Early Development Phase Rabbits are usually presented as the good guys in fiction. When they aren't Trickster Rabbits. The more general trope for this is What Measure Is a Non-Cute?: cute fuzzy animals are usually the good guys, and ugly creepy ones are usually the bad guys. See also Rascally Rabbit. Related to Good Animals, Evil Animals, and Animal Stereotypes. Contrast with Reptiles Are Abhorrent and Hair-Raising Hare.
Examples:[[foldercontrol]] [[folder:Comic Books]]
- Tom Strong had an animal equivalent in talking rabbit Warren Strong.
- Hoppy the Marvel Bunny, a member of the Captain Marvel family.
- Zig-Zagged in Redwall: the few rabbit characters seen are fussy, complaining females or their Henpecked Husbands. Hares, on the other hand, are unambiguously heroic (and very, very British).
- The protagonist rabbits in Watership Down are the heroes of the work and The Film of the Book.
- Bunnies & Burrows, which was inspired by Watership Down. The PCs are rabbits that go on adventures. and are generally expected to act heroically.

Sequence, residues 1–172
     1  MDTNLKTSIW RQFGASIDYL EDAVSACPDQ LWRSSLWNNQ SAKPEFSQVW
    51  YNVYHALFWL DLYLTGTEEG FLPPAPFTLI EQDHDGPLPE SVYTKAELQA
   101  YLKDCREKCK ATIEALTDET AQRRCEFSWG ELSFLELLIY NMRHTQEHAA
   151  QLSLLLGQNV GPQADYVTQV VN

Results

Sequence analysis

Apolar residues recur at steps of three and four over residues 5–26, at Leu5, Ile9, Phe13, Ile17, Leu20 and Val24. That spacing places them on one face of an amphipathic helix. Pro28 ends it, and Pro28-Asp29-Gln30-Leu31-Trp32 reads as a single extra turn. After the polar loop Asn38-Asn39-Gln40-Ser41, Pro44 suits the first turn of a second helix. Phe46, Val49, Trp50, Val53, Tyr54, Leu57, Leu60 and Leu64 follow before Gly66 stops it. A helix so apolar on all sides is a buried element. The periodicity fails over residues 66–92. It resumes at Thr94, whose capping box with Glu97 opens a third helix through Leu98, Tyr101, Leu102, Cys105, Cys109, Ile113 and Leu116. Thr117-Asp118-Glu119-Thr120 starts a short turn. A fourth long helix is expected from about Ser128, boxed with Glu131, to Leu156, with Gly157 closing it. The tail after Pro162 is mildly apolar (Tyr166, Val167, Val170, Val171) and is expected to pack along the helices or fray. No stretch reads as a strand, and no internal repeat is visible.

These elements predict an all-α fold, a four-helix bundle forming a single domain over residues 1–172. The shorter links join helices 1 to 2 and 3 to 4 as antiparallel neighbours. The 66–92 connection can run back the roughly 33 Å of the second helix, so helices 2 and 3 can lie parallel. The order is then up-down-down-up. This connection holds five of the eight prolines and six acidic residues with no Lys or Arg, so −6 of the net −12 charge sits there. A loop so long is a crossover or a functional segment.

- Double Subverted in AdventureQuest, which has a werehare as a pet usable in combat. It looks terrifying and ferocious, but deals Light damage which is usually associated in-game with good.
- Cream the rabbit from Sonic the Hedgehog.
- In The Legend of Zelda: A Link to the Past, going into the Dark World without the Moon Pearl makes you change your shape based on your personality. Link, being a good guy, is transformed into a rabbit.
- Bugs Bunny is this when not falling in the Designated Hero.
- Boingo in Hoodwinked inverts this trope, by virtue of being the Big Bad.
- The cartoon series Ricochet Rabbit features a rabbit who's an Old West sheriff.
- In The Adventures of the American Rabbit, a hero with superhero powers is born once a generation specifically in a village of rabbits.
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